The Jalopy Journal
Discussion in 'The Hokey Ass Message Board' started by AHotRod, Feb 9, 2004.
Hi, I 'm glad you are still here , as the author of this thread. I'd like to ask you a few questions.
Your title kind of leaves the door open fairly wide, as to what you were expecting to see.
So now, about 14 years down the road, are you okay with what is now a significant part of the gasser "fad" ?
By that I mean the exxagerated , cartoon like cars with excessively jacked up front ends, incorrect and inaccurate class designation lettering, modern supposedly retro wheels, that weren't even being made yet when you started this thread, billet components, induction systems that are not at all retro or traditional? In other words , Facebook "gassers".
Or were you expecting to see cars what one might have seen in 1965, which most know, is the cut off point for this site?
Just curious. No right or wrong answers, and no apologies needed..At least not for me.
To answer your question, '60's style/period-ish Gasser cars. It is best that we stick to this as not doing so would shut down the thread, and I would hate to see that happen after 14 years.
Let's leave the "I installed a tube axle under anything and I call it a gasser" to the facebook universe.
Thank you for your question,
Yes, I'm on Facebook too !
Mark, you didn't ask me but I'll stick my nose in for a minute. If a thread title has the
word "style" I think it's safe to presume all sorts of cars are going to be posted, period
accurate or not. You may not like it but you know what to expect. Railing against the
inaccurate is going to get you nowhere, guys are not going to delete their posts and pics.
Things got so ridiculous over at "Tri-Five Gassers" that I went through and pulled the
majority of photos I posted, all photos that I had taken. It's fun to both post and view
these cars, until the complaints outnumber the pics. Mitch
Here’s a few. Still in progress. Gonna get there though.
The page number here is #64...that's fitting because the picture from this post is somewhere around 1964.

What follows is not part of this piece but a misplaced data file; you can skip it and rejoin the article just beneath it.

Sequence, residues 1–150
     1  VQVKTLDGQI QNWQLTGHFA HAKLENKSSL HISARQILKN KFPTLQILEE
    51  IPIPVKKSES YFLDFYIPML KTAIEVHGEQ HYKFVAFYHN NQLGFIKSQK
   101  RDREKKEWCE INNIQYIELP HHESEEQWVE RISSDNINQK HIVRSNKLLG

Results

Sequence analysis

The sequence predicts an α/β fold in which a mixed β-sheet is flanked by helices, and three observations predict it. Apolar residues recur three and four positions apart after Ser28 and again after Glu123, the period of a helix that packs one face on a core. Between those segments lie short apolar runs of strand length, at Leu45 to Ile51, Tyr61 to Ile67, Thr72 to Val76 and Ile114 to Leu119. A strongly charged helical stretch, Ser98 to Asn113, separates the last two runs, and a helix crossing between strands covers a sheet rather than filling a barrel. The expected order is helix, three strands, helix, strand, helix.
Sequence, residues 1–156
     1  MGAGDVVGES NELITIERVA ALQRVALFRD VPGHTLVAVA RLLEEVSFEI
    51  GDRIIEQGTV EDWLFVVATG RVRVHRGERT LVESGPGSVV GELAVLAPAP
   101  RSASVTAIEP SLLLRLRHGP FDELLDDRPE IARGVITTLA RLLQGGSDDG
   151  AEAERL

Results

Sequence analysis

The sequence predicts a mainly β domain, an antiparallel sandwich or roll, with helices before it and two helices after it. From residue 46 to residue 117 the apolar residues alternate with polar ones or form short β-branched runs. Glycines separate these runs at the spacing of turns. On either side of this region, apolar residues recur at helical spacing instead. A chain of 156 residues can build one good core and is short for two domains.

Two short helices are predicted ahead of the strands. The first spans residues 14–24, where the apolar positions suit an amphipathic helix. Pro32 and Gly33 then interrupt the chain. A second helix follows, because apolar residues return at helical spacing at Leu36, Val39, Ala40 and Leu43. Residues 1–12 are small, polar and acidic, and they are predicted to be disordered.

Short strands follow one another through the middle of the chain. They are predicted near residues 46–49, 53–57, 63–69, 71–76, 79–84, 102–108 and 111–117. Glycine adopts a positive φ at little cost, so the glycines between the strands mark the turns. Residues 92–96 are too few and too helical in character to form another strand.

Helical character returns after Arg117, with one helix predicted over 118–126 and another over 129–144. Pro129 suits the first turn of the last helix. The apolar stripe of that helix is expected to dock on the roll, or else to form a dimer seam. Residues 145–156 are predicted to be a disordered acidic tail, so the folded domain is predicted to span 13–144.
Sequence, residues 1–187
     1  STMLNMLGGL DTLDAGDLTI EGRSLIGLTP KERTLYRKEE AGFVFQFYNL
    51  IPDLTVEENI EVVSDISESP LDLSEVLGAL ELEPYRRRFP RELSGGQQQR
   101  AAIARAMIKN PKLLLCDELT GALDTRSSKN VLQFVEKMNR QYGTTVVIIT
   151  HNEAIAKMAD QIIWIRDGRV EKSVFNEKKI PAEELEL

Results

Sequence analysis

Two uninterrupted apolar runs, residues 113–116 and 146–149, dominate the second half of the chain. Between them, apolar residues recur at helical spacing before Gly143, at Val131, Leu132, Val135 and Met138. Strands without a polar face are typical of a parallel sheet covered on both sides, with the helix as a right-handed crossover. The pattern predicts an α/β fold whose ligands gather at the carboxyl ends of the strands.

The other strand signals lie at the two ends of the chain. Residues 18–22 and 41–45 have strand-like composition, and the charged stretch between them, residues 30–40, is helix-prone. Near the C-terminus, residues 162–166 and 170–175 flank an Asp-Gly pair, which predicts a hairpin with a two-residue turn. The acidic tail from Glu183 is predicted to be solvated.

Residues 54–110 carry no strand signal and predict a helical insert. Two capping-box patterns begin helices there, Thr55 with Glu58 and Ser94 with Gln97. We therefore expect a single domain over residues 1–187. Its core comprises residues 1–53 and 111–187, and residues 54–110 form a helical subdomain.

Back then as you can see by the photo, I was just in my early 20's...going to college and no real good paying job.
I drove this car as a stocker for more than 2 years before we made it into a race car. Let me point out a couple things.!
No fiberglass parts (we couldn't afford them)...no fancy paint, and no permanent lettering...(couldn't afford that either). And no Mag wheels (same reason as before, even though they were cheaper than now!) We did have some money in the engine/trans/induction...but all we could afford for tires were Atlas Bucrons, and red primer for paint.
Most of the gassers I saw at the strip looked more like this...not the fancy ones of today. You had to have a good sponsor for that. Sure wish I had kept this car!!! It has only changed hands 4 time since it was sold in 1969, and is now a street rod. g-willys P.S. Whether they were built back then or NOW...I love 'em all
Way, way cool!
What I would give for a set of Atlas Bucrons....
Like like like like
It may seem like Mark has become a one man crusader on this subject, not entirely the case, myself and others within the group have tired of the nonchalant attitudes of some who "don't get it", if I was to even attempt to enlighten some as Mark has I'm sure they still wouldnt get it. Problem is; by not saying something only makes the rest of us "enablers".
Something that I don't think people understand is that anyone new to the HAMB (or any site for that matter) especially those that weren't part of the scene will see things posted on the internet and just think that was how it was, then that is their standard to go by.
This is precisely why we see so much of the kinds of cars Mark describes, they almost look cartoonish.
I myself call it as I see it, an "abomination".
Yes.. I already knew what the title said..Hence my question..and now we have a reply.
Asked and answered..
Thank You for telling your story and sharing the pictures. This is exactly how I remember Gas Class cars (as well as other class cars and Hot Rods), the real deal was low-buck, parts were robbed off what ever could be found to meet the need. These were the real salt-of-the-earth guys cars, not the magazine stuff.
Love your old Willys!
Here is a example of a real, low-buck, everyday guys Gasser.
Nothing but what it has to have to make it go, mostly parts from donor cars and trucks, steel wheels, etc.
This is the way it really was done.
Got a real deal gasser here.....Been a racecar since the 60's
This is my current coupe...been on the road for over 20 years...the picture is the only time it has ever been down the quatermile (Thompson about 2002) I don't know what I was thinking...still had many hundred miles to get back home. Made it though. My drag racing days were fun...learned alot, broke a few parts...rarely won our heat, but Oh Well...it really was fun. g-willys
I've got a steel 38/41 Willys coupe Gasser, built it in195, still driving it,
Mick Coyne...Northern Ca.
I Love this one too !
My son's garage find 56 Chevy, had been sitting for over 30 years.
This is what I built C
Sent from my iPhone using The H.A.M.B. mobile app
Nice gasser...... And I love the flag to.....
the 56 chevy is mine
I think I may have found a vintage photo of your Austin on Facebook. Unfortunately no other information was given about the photo.
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